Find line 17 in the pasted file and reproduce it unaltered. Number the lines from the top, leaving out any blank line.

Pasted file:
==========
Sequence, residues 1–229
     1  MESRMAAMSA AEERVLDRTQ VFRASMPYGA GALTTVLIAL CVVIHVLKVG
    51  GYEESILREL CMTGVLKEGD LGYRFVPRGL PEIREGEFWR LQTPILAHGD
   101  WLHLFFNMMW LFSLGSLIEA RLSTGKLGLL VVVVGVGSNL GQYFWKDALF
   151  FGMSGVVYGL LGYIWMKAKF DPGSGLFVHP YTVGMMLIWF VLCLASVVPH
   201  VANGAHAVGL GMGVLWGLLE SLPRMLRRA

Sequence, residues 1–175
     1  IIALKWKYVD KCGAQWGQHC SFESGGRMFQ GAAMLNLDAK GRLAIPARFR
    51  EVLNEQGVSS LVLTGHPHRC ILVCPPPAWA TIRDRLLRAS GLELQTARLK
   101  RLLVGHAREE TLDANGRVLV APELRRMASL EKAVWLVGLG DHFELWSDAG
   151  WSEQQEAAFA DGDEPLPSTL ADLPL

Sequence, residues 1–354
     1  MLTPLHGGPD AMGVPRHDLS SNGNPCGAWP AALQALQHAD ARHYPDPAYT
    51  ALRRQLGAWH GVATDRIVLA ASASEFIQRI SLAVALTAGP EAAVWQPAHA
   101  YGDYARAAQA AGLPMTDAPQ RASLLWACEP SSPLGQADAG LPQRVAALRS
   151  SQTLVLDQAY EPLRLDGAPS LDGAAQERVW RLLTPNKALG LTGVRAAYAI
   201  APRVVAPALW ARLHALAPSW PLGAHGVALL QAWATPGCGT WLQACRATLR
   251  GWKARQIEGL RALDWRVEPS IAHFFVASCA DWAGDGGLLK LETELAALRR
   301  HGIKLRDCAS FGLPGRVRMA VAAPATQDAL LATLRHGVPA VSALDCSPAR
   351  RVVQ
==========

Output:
   201  APRVVAPALW ARLHALAPSW PLGAHGVALL QAWATPGCGT WLQACRATLR